Innovation Patent

America Invents Act: an overview

President Barack Obama signs the America Invents Act, Friday September 16, 2011, at Thomas Jefferson High School for Science and Technology in Alexandria, VAPresident Obama last Friday signed into law the America Invents Act (“AIA”) at a Virginia school.  The AIA is a serious overhaul of United States patent law in over 60 years.  The recent changes to the US patent law makes it more-in-sync with global patent laws, the changes are intended to bolster innovation and economic development.  There are large number of revisions in the AIA that seek to redress perceived problems with the previous law, reduce administrative and litigation costs, bring patent law more in line with global norms and increase certainty about patent laws.  This post gives a brief overview of the AIA and provides certain implications for inventors globally.    

Notable changes: (1) ownership of inventions to be given to inventors who file their applications first (first inventor to file) rather than those who conceive of their inventions first (changes to section 102 and 103);  (2) infringers of technology for which others later obtain patents may continue to use the technology under significantly more liberal conditions (section 273); (3) Failure to take professional advise may not be used to prove intent or induce or willfulness (section 298); accused infringers better protected from charges of willful infringement when they do not seek advice from counsel; (4) third parties empowered to challenge patents or applications under many conditions (sections 257, 301, 321-329).  (5) There cannot be any more qui tam actions (Section 292) as only the US can sue under section 292; this would put an end to a large number of false marketing cases brought by individuals; (6) There is an increase the fees (15%)across the board-result increased cost of patenting.  

Critics argue that some of the changes, particularly the first to file provision, disadvantage small businesses and/or individual inventors with fewer resources. It is argued that small inventors have a major role in spurring innovation.  With the passage of the AIA, such arguments have been discounted.  A large number of ambiguities remain and only time will tell whether or not they are well founded.  It is most likely that removal of these ambiguities would be left to the courts.

Implications for inventors:  (1) Most practitioners would agree with me that the AIA would result in a comparatively larger number of provisional applications being filed.  The reason is that an inventor needs to show that she was the first to file: and that can be shown by filing a provisional; (2) I should add here that the provisional application should disclose to a person skilled in the art the invention, i.e. the non-provisional application should not contain new material but should be based on the material in the provisional; (3) I expect that the US examination would be more stringent comparatively as examiners are likely to look for support in the provisional application, if any.  This (looking for support in the provisional) would be in conformity to the practice at the European, Chinese and Korean patent offices.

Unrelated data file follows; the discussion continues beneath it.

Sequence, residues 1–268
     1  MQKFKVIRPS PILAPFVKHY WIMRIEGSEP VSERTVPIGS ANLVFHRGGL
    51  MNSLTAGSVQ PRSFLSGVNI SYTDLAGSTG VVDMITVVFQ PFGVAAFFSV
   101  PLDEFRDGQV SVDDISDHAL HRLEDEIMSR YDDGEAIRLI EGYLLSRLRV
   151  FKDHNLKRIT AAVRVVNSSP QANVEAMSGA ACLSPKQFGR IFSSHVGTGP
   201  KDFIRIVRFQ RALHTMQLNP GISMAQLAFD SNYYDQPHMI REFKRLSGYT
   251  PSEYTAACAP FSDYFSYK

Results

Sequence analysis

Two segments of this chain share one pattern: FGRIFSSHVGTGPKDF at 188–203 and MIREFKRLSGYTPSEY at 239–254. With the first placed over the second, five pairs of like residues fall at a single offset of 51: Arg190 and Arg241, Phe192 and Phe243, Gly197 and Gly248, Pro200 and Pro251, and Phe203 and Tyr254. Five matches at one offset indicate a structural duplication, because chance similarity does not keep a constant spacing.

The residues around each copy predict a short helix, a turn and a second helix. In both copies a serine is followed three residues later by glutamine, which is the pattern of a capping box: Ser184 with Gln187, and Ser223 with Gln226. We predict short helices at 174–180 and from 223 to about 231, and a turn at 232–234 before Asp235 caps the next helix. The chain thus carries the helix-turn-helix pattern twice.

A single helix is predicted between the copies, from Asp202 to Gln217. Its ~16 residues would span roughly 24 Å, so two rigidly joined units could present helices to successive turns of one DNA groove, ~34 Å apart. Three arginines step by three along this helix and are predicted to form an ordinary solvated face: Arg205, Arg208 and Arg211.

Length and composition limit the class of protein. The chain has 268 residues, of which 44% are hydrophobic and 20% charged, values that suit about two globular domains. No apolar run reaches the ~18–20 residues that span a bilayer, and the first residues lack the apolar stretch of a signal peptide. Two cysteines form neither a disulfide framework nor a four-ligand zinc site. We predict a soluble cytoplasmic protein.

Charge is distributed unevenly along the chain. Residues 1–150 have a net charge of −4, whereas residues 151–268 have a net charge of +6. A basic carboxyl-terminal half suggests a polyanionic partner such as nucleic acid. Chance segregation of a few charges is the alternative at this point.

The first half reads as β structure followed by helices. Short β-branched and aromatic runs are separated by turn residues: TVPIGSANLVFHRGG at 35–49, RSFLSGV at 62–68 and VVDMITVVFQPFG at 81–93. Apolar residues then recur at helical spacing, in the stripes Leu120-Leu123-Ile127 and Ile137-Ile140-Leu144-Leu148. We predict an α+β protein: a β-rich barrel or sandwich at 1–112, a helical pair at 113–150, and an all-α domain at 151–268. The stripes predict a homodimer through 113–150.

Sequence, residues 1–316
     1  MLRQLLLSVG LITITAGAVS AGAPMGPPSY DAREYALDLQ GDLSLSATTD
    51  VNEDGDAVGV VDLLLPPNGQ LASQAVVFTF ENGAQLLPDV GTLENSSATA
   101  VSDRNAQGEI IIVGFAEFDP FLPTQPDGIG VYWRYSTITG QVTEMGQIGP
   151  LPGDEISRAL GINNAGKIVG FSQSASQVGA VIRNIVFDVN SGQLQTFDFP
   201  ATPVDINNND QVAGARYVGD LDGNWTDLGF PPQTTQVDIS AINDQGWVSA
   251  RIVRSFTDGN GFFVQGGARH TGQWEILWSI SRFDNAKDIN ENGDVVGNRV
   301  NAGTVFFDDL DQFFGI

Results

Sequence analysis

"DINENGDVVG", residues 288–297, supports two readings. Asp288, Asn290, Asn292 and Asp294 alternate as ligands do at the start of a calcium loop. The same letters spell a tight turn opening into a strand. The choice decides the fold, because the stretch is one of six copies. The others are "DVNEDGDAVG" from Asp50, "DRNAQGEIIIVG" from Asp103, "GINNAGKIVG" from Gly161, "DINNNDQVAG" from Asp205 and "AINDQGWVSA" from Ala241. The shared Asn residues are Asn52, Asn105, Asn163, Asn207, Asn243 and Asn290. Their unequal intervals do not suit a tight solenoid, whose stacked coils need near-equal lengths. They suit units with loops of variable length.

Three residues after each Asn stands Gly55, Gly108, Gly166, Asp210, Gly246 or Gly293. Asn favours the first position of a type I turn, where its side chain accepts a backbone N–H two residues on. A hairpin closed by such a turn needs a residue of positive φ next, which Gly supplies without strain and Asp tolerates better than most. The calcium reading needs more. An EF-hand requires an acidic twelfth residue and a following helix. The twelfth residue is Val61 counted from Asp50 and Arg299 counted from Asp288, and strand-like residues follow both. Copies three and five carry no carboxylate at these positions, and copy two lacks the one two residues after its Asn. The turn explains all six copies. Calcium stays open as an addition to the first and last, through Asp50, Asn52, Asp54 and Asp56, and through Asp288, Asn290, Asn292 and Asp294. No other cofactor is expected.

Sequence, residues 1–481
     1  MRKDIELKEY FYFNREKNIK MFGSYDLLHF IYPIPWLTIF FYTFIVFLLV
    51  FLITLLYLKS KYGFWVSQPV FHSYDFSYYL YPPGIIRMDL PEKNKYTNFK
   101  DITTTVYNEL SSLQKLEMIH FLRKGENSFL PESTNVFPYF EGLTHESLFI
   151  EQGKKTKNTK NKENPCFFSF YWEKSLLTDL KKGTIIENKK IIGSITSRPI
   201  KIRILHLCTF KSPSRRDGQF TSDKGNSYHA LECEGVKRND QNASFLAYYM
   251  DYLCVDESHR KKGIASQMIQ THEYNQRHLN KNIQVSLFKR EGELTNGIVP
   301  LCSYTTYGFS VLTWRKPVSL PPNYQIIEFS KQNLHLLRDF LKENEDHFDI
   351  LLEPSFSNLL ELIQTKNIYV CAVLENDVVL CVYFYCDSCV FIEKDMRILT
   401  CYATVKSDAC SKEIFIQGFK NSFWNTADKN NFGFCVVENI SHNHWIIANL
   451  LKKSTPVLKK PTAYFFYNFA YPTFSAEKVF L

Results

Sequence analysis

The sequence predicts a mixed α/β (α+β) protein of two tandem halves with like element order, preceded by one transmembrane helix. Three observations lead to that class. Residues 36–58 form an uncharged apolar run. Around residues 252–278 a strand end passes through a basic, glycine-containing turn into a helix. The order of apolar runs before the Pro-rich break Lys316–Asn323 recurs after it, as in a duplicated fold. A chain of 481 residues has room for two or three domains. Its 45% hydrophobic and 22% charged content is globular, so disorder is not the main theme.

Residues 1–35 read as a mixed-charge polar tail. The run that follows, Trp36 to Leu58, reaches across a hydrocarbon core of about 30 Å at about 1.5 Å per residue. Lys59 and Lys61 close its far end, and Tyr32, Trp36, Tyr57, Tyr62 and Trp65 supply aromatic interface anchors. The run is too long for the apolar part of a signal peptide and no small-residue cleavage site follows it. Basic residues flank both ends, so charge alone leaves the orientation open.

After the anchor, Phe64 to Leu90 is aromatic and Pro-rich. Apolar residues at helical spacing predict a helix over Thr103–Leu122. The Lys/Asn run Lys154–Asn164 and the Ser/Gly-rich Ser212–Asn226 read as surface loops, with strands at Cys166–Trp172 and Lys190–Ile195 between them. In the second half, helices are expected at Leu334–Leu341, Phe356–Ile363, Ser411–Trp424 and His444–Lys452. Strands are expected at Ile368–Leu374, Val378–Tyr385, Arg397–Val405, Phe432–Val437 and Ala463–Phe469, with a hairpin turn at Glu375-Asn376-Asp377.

Rajiv Kr. Choudhry

Rajiv did his engineering from Nagpur University in 2000 in electronics design technology. He has completed his LL.B. from Delhi University, Law Center II in 2006, while working as an engineer at ST Microelectronics in NOIDA. After his LL.B., he went on to The George Washington Univeristy, Washington DC to do his LL.M. in 2007. After his LL.M., he has worked in the US at a prestigious IP law firm based out of Philadelphia. Till 2014, he was Of-Counsel to a Noida based IP law firm where he specialized in advising clients on wireless, telecommunication, and high technology. Rajiv is the founder of Tech Law Associates, a New Delhi based law firm specializing in IP law, with a focus on high - technology, and patent law. His core IP interest areas are the intersection of technology and IP, Indian IP policy, innovation, and telecommunications patents. He is also an inventor with pending applications in machine-to-machine communications domain (WO2015029061).


  1. S

    First inventor to file is appreciated. This essentially harmonizes with the patent laws of other jurisdictions. Swearing behind the reference is also ruled out.
    There are some more significant changes like the act has widened the scope of prior art and added a new review procedure for post grant opposition in addition to the existing re-examination.
    However, I am unable to understand the logic behind eliminating ‘best mode” as a ground for invalidating and canceling the patent where actually it remains the ground for office examination.

  2. patent litigation

    There are a few helpful provisions in this bill — for instance, “competitive injury” and dis-joinder clauses — that could contribute to reducing negative consequences of patent troll behavior. And, doubtless, those at the USPTO are looking forward to their increase in fees. But, from what I can tell, the rest of this bill is not that helpful; what almost everyone had wanted was a bill ending the diversion of USPTO fees to Congress. Congress, however, eliminated that provision at the last minute, leaving a gutted piece of legislation that seems to please no one except large corporations.


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